Faculty Guide to Commercialization

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Faculty Guide to Commercialization

The purpose of this Faculty Guide to Commercialization is to provide a resource that describes key elements of the commercialization process and to provide a description of the teams and individuals involved in this process so that members of the Baylor College of Medicine research community can understand who does what, why they do it, and how they can serve you.

If you have questions about the licensing process, or questions about whether a discovery in your lab might be patentable, or if you’re interested in pursuing commercialization grant funding, this guide can help you find answers.

You may download the Faculty Guide to Commercialization in pdf. If you would like to request a printed copy of the guide, please email blg@bcm.edu.

The Commercialization Process Flowchart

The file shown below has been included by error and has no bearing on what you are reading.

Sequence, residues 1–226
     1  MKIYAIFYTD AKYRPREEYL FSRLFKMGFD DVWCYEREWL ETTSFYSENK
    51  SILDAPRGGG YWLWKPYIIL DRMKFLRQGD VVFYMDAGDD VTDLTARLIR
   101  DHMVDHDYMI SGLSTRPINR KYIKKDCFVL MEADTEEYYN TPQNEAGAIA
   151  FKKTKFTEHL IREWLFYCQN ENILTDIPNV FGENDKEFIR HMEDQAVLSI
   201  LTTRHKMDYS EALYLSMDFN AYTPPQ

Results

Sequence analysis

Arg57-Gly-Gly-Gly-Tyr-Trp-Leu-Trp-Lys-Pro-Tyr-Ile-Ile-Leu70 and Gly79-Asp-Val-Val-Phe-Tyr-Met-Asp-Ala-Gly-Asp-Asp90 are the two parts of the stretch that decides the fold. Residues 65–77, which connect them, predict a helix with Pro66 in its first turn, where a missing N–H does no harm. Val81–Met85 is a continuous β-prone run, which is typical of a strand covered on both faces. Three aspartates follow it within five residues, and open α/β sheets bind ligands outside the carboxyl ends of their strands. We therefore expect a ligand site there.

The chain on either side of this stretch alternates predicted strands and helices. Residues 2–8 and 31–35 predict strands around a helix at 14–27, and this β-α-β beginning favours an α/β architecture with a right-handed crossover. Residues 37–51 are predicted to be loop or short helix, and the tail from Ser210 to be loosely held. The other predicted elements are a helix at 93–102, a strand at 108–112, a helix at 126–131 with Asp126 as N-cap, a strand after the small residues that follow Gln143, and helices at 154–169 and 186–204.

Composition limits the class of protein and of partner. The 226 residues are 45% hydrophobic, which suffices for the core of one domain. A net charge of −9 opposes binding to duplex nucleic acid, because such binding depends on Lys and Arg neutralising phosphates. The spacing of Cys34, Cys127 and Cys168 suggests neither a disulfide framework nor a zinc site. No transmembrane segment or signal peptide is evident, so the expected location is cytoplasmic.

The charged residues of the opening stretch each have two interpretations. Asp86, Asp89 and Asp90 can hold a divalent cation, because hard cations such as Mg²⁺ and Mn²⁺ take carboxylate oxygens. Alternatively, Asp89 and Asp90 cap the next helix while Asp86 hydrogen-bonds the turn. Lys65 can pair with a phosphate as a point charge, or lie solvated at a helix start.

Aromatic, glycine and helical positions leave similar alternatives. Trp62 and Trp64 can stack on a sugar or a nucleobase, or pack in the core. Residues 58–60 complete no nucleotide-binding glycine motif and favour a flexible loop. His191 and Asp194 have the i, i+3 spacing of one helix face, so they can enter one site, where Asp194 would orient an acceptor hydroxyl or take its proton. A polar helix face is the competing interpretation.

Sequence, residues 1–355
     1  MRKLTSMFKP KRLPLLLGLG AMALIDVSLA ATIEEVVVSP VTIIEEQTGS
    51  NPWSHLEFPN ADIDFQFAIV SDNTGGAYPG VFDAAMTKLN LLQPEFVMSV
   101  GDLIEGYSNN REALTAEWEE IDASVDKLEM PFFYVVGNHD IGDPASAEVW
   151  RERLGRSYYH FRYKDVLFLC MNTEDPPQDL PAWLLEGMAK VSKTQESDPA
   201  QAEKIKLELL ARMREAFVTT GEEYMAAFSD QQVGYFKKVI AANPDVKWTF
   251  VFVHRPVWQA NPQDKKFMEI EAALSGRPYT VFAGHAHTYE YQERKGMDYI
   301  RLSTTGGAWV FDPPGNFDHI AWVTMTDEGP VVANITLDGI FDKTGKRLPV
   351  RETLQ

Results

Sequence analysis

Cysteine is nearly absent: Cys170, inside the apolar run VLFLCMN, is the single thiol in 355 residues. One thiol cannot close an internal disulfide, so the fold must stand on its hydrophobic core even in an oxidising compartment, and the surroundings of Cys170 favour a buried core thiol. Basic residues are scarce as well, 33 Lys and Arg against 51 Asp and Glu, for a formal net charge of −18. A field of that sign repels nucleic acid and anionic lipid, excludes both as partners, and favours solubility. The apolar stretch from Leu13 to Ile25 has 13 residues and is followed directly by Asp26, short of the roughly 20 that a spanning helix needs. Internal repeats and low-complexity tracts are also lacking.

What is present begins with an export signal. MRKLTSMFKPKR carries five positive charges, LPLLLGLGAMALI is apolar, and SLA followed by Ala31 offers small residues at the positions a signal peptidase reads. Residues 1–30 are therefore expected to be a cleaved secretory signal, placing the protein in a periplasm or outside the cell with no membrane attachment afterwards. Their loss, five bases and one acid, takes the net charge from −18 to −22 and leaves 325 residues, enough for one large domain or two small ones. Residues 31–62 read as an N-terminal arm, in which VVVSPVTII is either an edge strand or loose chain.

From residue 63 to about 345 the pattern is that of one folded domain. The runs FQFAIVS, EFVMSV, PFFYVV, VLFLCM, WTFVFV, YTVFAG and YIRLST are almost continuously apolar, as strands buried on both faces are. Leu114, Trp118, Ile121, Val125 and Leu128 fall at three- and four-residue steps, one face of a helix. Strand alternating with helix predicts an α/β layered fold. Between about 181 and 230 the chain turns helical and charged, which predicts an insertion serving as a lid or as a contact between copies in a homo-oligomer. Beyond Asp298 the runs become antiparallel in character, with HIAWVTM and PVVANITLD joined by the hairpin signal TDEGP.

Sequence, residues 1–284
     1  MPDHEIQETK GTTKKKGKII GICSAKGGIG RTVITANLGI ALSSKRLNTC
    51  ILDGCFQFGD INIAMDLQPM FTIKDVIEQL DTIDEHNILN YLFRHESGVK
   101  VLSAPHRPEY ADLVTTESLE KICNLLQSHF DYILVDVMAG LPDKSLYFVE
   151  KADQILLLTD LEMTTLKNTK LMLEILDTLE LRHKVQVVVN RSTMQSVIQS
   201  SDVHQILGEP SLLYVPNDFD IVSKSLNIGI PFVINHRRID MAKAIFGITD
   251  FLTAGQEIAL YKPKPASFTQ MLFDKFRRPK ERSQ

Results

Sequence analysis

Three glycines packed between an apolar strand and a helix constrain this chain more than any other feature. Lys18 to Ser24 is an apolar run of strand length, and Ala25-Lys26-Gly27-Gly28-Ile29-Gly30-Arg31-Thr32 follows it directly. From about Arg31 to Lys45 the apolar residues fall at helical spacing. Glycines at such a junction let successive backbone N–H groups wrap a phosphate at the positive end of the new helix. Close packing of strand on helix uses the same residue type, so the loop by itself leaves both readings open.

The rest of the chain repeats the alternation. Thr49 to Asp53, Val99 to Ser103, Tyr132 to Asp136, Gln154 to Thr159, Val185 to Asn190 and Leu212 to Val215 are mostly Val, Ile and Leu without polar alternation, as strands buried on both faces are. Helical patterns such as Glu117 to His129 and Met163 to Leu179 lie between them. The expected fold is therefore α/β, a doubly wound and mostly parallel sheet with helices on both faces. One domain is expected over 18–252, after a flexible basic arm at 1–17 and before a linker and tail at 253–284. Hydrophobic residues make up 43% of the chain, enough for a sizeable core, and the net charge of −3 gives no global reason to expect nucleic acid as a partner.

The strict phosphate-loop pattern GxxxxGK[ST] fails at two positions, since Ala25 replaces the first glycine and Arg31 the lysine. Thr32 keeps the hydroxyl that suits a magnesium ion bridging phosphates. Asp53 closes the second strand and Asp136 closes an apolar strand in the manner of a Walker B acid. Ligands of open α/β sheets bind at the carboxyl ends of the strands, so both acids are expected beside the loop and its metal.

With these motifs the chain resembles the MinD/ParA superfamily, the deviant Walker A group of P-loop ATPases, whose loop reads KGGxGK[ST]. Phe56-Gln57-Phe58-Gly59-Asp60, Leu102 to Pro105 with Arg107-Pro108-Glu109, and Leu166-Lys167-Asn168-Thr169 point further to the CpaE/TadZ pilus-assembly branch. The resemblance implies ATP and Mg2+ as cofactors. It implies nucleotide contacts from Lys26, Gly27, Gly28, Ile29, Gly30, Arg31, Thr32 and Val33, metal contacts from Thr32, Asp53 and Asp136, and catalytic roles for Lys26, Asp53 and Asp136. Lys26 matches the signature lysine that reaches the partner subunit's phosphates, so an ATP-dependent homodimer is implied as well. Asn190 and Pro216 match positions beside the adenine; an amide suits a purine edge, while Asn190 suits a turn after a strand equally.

This one-page flowchart demonstrates the activity of our office from receipt of a disclosure through the decision process regarding that disclosure. The end goal is to license the technology to an industry partner. A patent may be applied for if it is necessary to interest a licensee. Often, it is not necessary to patent a technology in order to license it. 

Initiate the Technology Disclosure Process

To begin the process, log in and complete the online technology disclosure form and submit it to Baylor Licensing Group.

Policy on Patents & Other Intellectual Property

Baylor College of Medicine, like other employers, owns all intellectual property owned by its employees. Details are found in the Baylor Policy on Patents and Other Intellectual Property (BCM Intranet login required).

Inventors should be aware that any public disclosure, through publication or other non-confidential presentation of the technology (including meeting abstracts, poster presentations, and seminars) made prior to filing a U.S. patent, will result in the immediate loss of foreign patent rights. BLG encourages faculty members to disclose technologies early in the development process. An early review will permit the protection of valuable patent rights if that is deemed necessary.